Start by asking your friend to sit in a chair or kneel on the floor, ideally wearing loose cotton clothing. Rest your hands on his or her shoulders and initially just concentrate on following your friend’s breathing. This will act as a form of meditation in which you can let thoughts enter your head – giving you subtle information about your friend’s physical and emotional condition.

Now you can begin by gently squeezing the shoulders, with both hands grab the shoulder muscles. Squeeze them rhythmically, experimenting with using your fingers and thumbs or whole hands. You should be able to find a long muscle running along the top of the shoulders. Work along the full length from the neck to shoulders, making the massage progressively stronger until you reach a comfortable level.

Next place you forearms on your friend’s shoulders, close to his or her neck, lean forward, breathing chi into this area. You can repeat this several times slowly moving out from the neck. If your friend likes particularly strong pressure here I suggest you press onto his or her shoulders with your elbows.

To stretch the upper back ask your friend to clasp his or her hands behind your neck and then supporting his or her back with your front, lean back slowly so you stretch the arms upward. Repeat this several times and then try squeezing the shoulders again. They should feel more relaxed.

Finish the shoulders by pounding them with a loose fist and relaxed wrists. I like to finish this part by putting my hands on his or her shoulders again to see how my friend’s breathing has changed. Now ask your friend to lie on his or her front on the floor,.

You can put several layers of cotton towels on the floor to make them more comfortable. If your friend has any kind of stiff neck you may need to put a cushion under his or her chest.

Kneel next to your friend and place on hand on his or her back. Take a minute to re-connect with your friend by breathing together whilst listening to his or her body.

Either stand or kneel astride your friend and place your palms on his or her upper back. Breathe in and as you breathe out smoothly lean your weight over your hands. Work with your friend to find out how much pressure feels good. Continue to press on each out breath as you work down the back until you reach the buttocks.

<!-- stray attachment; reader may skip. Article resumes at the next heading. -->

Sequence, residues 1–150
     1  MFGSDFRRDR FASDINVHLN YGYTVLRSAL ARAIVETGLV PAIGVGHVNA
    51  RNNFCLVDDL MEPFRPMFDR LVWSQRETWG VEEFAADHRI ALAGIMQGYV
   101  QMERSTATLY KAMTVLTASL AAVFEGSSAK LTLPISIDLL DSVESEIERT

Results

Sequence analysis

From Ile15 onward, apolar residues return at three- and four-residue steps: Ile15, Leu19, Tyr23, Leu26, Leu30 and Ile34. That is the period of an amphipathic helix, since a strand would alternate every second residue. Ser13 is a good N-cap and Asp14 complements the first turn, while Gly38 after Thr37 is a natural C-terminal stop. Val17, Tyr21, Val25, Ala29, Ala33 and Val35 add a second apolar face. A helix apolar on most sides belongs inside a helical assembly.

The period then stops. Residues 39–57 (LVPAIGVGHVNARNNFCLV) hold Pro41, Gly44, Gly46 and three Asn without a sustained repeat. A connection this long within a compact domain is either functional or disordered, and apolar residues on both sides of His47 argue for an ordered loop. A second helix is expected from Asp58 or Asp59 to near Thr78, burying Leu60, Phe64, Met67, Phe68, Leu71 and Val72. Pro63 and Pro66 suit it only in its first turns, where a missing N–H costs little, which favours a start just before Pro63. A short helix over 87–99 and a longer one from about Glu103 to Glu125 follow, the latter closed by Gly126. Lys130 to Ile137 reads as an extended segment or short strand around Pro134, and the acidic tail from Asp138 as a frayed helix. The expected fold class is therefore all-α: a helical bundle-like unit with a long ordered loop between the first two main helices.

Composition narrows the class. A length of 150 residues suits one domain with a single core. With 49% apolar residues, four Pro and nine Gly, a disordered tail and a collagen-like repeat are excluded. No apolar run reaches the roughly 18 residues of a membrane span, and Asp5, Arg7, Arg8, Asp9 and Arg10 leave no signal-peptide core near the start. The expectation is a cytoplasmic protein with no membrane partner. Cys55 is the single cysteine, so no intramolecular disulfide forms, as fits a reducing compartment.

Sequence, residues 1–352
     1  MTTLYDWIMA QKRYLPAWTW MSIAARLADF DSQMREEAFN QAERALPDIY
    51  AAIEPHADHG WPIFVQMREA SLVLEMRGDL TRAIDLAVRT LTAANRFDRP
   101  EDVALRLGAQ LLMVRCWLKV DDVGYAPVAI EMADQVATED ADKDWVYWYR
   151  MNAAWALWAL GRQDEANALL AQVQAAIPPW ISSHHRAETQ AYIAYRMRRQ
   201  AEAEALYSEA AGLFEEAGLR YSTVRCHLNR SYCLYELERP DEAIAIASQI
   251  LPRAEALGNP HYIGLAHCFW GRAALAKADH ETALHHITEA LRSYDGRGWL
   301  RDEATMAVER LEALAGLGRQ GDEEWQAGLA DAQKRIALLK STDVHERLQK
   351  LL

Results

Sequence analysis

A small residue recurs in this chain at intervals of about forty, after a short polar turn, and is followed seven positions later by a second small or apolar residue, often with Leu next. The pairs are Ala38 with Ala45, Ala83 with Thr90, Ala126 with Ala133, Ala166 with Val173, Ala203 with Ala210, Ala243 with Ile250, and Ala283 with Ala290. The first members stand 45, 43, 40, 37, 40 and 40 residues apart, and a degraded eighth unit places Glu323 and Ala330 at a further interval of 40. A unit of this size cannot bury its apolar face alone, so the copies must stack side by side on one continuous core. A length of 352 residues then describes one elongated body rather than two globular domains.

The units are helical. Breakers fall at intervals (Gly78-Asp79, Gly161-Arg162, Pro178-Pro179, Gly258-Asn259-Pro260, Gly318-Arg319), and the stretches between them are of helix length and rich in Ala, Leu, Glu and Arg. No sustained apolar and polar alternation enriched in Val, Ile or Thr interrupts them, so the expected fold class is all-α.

Now you can repeat the same thing but this time apply the pressure using your thumbs. They should be spaced about one thumb width from the centre of your friend’s spine. Keep your fingers open as you do this so your own chi flows freely from your hands. As you do this you will be following the inner bladder meridian and activating lots of important acupressure points.

Next stand up and with the ball of your foot press firmly and rhythmically into your friend’s buttock. As you do this you should rock him or her from side to side helping to loosen all the joints in his or her back. Steady yourself with a piece of furniture if you feel unsteady.

Now try kneeling next your friend’s upper leg and slowly press onto the back of the leg with your knee. You can balance yourself by placing your hand on his or her lower back and furthest leg. Work your way from the top of the leg towards the knee. Be very careful not to apply any pressure close to the knee. To prevent any risk of applying pressure to the knee hold your friend’s foot up so the knee is bent at a right angle.

Next you can kneel next to your friend’s lower leg and run your thumb along the valley in the centre of the calf muscle starting at the back of the knee. About one third of the way down you will find a powerful acupressure point. This point is usually quiet sensitive so your friend will be able to let you know when you have hit the spot.

Walk down to your friend’s feet and make sure his or her feet are turned so that the toes are pointing towards each other and the heels pointing out.

Now stand with your toes pointing away from each other, like Charlie Chaplin, and start to massage the soles of your friend’s feet by standing on your toes and using your heels to apply pressure. If you find it hard to balance hold onto a chair.

Next walk round to your friend’s other buttock and work rhythmically into his or her thigh with your foot. Once your have completed this pick up the feet, holding the ankles until the knees just leave the floor. Gently swing his or her knees side to side. Work with your friend and see if you can swing the knees in a way that sends waves of movement up his or her spine.

Keeping hold of the ankles you can slowly lift the knees up giving your friend a stretch up the front of the thighs and into his or her abdomen. You will need to communicate clearly to find out how much of a stretch feels right. If you friend experiences any pain in the lower back you should stop this stretch.

Place the knees back on the ground and holding the balls of his or her feet gently push them down towards the ground. This will stretch the back of the ankles. Now you can stretch the feet up towards the buttocks. Again work with your friend to get the stretch right. If he or she is very flexible you may have to put the feet to the outsides of his or her thighs.

Walk back towards your friend’s head and stand astride his or her upper back. Lean forward and rhythmically squeeze the shoulders again. You can even grab hold of the muscle and pull it towards you gently to stretch it slightly.

Now you can pound your friend’s back and buttocks. Try using, the sides of your hands, a loose fist or both hands loosely clasped together. Finally place your hand on your friend’s back again.

Congratulations, you have completed a simple shiatsu treatment.

Text from the Chi Energy Workbook.

Enjoy and relaxing, revitalising and healing shiatsu with Simon Brown in Shoreditch, London, E2. Call 07543663227 or email to make a booking.